Public services

When is it acceptable for government to share personal data?

Data sharing for public benefit
May 2017 - 2019

Local government is uncertain about the way the public balances the benefits and risks inherent in the sharing of personal data.

Involve worked with over 120 stakeholders in six local authorities to develop a framework to help to develop a clearer picture of the acceptability of different data sharing proposals.

Many claims are made about the public benefits which can be gained from sharing personal data between public service providers. However, the term ‘public benefit’ is rarely, if ever, clearly defined. In a context of significant public concern about how data is used – not least in the wake of the Facebook and Cambridge Analytica revelations –  this presents public service providers with challenges in deciding when they should share data and for what purposes.

Working with stakeholders in six local authorities, this project aimed to unpack and explore the tensions between reaping benefits from data sharing and the risks of sharing data.

What we're doing

For the first phase of this project, we developed and ran workshops in six local authority areas to explore these issues. Using a mixture of case studies and deliberative techniques we supported participants to unpack and explore the tensions and trade-offs inherent in the sharing of data between different government organisations.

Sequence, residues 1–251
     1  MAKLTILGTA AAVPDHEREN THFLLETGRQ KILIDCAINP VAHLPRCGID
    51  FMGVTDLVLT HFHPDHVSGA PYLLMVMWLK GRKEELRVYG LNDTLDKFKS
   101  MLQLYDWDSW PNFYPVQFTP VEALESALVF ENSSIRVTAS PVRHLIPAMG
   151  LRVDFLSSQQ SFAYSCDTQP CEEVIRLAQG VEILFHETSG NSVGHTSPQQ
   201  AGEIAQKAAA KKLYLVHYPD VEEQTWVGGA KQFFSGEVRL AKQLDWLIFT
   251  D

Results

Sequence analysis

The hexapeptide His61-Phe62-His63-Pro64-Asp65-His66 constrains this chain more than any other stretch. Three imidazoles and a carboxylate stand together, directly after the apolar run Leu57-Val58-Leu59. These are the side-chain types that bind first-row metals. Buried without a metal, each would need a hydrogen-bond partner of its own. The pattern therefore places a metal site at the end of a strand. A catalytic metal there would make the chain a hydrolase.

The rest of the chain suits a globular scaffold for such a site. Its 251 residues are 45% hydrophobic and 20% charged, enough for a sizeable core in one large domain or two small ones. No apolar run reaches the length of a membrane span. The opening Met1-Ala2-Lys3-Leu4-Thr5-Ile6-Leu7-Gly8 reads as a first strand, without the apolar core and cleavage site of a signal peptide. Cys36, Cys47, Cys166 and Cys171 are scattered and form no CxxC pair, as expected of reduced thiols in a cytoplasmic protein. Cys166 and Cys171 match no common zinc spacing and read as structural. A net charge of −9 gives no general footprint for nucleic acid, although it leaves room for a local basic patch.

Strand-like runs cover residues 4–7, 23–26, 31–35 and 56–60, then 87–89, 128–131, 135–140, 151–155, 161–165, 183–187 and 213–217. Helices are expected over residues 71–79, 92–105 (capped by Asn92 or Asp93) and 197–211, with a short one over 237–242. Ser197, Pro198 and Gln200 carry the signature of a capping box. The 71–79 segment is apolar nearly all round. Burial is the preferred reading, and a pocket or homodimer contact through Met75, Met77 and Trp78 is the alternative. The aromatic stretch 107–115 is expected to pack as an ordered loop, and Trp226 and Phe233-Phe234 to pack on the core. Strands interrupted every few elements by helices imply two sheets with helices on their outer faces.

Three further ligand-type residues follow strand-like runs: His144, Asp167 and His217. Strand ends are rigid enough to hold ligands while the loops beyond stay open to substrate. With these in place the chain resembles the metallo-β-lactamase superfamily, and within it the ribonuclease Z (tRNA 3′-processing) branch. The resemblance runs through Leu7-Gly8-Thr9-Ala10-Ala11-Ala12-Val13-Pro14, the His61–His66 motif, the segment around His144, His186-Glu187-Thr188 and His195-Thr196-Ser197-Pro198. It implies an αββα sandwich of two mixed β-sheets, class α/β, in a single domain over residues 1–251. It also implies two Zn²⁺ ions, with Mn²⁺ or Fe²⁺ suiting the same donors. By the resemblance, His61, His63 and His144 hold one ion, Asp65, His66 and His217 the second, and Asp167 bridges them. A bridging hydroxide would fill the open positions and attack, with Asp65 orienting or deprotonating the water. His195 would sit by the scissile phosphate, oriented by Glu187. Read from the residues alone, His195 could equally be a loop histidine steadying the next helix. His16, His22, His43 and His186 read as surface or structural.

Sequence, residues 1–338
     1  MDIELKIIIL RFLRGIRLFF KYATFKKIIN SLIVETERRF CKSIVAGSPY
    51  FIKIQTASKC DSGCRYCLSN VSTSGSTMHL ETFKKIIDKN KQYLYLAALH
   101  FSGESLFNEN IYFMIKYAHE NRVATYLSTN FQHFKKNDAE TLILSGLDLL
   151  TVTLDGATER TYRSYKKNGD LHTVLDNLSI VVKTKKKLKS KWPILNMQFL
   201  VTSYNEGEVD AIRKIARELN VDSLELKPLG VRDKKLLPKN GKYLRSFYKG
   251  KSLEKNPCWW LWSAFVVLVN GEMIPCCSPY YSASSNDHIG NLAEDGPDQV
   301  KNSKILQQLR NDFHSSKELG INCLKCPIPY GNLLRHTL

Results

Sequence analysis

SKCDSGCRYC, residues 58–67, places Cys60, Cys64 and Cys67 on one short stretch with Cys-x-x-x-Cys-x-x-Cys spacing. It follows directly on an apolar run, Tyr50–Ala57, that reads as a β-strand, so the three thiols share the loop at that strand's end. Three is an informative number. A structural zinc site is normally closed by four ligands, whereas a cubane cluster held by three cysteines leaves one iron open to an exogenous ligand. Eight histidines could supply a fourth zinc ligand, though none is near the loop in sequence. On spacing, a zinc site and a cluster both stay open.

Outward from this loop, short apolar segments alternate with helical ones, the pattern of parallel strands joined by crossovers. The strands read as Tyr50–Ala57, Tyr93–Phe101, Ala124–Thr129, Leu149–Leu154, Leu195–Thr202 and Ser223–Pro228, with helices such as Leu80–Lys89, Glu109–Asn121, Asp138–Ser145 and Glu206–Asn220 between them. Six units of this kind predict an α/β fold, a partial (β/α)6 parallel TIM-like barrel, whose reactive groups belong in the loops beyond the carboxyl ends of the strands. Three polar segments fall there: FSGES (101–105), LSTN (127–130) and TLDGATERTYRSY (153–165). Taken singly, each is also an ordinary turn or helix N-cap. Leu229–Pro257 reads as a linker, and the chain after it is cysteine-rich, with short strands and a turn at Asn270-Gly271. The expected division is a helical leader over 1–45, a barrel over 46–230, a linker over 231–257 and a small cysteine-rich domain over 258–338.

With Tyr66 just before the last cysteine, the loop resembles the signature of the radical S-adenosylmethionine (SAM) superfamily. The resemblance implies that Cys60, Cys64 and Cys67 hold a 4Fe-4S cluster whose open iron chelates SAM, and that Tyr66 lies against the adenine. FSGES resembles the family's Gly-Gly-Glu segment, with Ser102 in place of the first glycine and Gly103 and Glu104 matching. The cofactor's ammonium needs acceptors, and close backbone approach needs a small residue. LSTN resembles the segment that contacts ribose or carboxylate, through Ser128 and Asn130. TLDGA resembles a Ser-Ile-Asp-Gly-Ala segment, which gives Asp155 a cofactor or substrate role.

The report published in April 2018 highlights three clear tests emerging from the workshops which will support public service providers to gain the social licence to share and use data more widely.  These are that data sharing should be:

  • Purposeful
  • Proportionate
  • Responsible

A further five key features that a data sharing initiative designed to deliver public benefits should be able to demonstrate were identified. The report uses these features to present a new framework which sets out questions for public service providers to use to assess whether these tests have been met.

The next phase of this work tested the extent to which the framework represents the perspectives of the wider public and began a pilot to design a tool to support local government organisations to develop a sustained conversation with local communities about the acceptability of data sharing for different purposes.

Who's involved

Partner and funders: (First stage) the Carnegie UK Trust, Understanding Patient Data, Greater Manchester Combined Authority, West Midlands Combined Authority, Leeds City Council, Sheffield City Council, Essex County Council and Melton Mowbray Borough Council.

Participants: 120 stakeholders drawn from both local government organisations including local authorities, the police and fire service, and the local health service, for example, and local civil society groups either delivering public services directly, or advocating on behalf of service users.

We are now testing the distributed dialogue methodology with Camden Council, supported by Wellcome. If you are interested in finding out more, or being involved please contact [email protected]


Header image Blue Coat Photos: Flickr (CC BY-SA 2.0)

Listing image Blue Coat Photos: Flickr (CC BY-SA 2.0)